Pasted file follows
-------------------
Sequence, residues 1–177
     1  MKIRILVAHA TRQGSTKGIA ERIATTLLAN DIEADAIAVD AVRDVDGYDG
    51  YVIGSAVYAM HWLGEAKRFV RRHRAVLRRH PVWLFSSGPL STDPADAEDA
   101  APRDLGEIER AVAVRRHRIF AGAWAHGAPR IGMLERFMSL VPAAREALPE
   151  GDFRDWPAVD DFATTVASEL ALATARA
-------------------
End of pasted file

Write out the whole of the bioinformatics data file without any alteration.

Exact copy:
Sequence, residues 1–177
     1  MKIRILVAHA TRQGSTKGIA ERIATTLLAN DIEADAIAVD AVRDVDGYDG
    51  YVIGSAVYAM HWLGEAKRFV RRHRAVLRRH PVWLFSSGPL STDPADAEDA
   101  APRDLGEIER AVAVRRHRIF AGAWAHGAPR IGMLERFMSL VPAAREALPE
   151  GDFRDWPAVD DFATTVASEL ALATARA